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Hello,

Can we use must in past tense in this manner: Society had reached a stage where it must respect workers.

I know must is normally used in present and future tenses, but here in past perfect, it seems to be the only option. 'Must have' won't work here nor will simple past such as ... it respected workers.

Am I right?
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In the past, "must" becomes "had to."
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Thanks, GG. What about should or ought to? Can they be used, then?
It doesn't have the same sense of requirement that "must" or "have to" or "are required to" all share.
Thank, GG, but I am asking generally whether 'should' and 'ought to' are okay in past tense or whether they too, like must, should be used in another manner? I mean, if must becomes 'had to' in past, does should/ought to become something else too? Or, can we keep it the same way?
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Do you mean?

1) It should have been done long time ago.

2) It ought to have been done long time ago.

As far as I know you can use them with PERFECT INFINITIVE without changing their meaning (except the tense)
No, Ticce, I don't mean that at all. See the first example: Society reached a stage where it must respect workers.

Suppose you change this to simple past, it becomes: Society ... where it respected workers. (this is not appropriate because simple past implies something has already happened).

Suppose we ignore simple past and use your method: Society ... where it must have respected. (this is also wrong because it implies society must have respected workers but somehow failed to do so. It leads to ambiguity).

Only 'must' is appropriate here but unfortunately, I do not know if it is used in past tense. That's why I wondered whether should/ought to (not in this example but generally speaking) can be used in past tense (as future in the past), or do they also meet the restrictions.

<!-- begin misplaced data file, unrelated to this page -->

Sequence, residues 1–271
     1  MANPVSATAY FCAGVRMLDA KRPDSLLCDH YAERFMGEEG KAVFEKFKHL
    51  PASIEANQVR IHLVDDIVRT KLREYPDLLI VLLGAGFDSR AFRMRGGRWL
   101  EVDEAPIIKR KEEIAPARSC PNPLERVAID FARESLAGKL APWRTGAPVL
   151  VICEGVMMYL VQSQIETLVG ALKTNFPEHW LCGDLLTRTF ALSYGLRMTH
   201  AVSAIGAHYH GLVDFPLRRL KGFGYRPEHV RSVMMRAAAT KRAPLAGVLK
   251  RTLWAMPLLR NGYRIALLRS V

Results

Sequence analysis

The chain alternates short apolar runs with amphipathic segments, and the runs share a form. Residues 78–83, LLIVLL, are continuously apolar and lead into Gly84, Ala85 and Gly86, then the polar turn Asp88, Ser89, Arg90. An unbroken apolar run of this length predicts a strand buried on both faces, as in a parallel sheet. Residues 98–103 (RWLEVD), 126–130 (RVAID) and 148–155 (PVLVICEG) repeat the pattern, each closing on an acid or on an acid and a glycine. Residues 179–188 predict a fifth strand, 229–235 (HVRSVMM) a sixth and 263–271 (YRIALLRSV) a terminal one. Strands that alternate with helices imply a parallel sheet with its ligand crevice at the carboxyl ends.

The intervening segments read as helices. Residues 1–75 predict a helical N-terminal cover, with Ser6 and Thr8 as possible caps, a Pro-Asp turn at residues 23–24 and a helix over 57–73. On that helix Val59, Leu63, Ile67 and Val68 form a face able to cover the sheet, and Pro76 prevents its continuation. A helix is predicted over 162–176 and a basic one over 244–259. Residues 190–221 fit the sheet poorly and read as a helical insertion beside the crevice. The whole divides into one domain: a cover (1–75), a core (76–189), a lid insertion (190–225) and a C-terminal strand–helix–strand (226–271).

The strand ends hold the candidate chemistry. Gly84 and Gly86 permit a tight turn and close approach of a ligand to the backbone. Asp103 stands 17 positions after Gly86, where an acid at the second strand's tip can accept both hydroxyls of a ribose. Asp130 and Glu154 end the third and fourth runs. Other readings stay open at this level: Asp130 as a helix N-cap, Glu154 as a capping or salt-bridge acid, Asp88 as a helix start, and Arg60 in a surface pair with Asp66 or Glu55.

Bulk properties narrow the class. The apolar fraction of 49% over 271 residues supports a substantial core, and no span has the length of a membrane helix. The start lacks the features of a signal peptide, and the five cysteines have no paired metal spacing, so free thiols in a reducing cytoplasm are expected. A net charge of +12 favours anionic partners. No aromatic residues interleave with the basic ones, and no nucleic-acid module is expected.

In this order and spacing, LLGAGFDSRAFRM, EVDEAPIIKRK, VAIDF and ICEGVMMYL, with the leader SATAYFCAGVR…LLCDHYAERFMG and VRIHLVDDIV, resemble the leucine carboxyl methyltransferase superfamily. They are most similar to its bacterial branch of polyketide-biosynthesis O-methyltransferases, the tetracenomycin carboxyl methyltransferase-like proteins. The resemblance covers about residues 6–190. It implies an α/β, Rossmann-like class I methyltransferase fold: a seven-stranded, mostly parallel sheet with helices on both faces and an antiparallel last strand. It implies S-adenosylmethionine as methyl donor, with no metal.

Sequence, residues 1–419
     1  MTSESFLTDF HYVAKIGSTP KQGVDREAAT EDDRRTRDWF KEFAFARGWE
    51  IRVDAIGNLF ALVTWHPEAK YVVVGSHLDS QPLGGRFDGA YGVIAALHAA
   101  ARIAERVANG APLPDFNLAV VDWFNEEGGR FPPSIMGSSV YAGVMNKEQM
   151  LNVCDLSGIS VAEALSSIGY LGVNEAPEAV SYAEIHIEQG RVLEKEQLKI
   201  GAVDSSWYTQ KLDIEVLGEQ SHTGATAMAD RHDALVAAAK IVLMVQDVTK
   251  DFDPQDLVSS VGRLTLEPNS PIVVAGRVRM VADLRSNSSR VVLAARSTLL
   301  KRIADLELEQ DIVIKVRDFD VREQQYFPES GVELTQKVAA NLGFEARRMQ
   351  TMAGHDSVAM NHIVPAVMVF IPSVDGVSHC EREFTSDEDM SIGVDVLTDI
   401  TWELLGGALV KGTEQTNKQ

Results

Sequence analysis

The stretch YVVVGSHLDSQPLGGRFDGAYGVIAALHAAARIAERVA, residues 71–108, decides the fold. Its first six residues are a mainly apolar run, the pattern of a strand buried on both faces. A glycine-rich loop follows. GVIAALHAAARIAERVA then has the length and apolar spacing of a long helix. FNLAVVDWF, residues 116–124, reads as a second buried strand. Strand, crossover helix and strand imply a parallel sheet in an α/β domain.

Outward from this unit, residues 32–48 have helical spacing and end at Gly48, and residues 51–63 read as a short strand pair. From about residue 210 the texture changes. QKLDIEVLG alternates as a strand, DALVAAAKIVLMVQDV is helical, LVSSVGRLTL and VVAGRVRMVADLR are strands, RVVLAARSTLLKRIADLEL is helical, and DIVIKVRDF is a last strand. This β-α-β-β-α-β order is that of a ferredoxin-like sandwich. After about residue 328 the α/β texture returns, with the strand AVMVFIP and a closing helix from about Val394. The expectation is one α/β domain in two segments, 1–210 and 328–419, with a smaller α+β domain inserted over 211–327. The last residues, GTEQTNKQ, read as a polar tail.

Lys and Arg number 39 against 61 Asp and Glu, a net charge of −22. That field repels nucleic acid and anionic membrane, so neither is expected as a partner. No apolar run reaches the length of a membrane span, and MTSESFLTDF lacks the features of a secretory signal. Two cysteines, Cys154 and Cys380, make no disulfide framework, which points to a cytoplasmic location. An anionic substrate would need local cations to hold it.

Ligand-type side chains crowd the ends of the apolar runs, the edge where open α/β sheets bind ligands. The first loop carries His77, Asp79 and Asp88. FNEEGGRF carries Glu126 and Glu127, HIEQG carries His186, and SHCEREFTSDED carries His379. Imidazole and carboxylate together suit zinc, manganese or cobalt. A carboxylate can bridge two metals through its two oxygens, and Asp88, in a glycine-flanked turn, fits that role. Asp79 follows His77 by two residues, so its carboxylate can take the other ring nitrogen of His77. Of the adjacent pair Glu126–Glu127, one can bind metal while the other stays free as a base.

Hope that makes sense.
AnonymousOnly 'must' is appropriate here but unfortunately, I do not know if it is used in past tense. That's why I wondered whether should/ought to (not in this example but generally speaking) can be used in past tense (as future in the past), or do they also meet the restrictions.
Anon,
If I understand your post, I think the context should be kept in simple present prefect tesne, which should be " society has reached...." because you are making a general statement which in a nut shell says " The society has reached a point when workers should /must be respected". "Must have respected ..." won't make any sense to me.
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Thanks, Dim, but if it is present tense, it would be pretty straightforward and I wouldn't have posted this in the first place. I am trying to understand how to frame it in past tense and in past tense only. So changing tense won't help.
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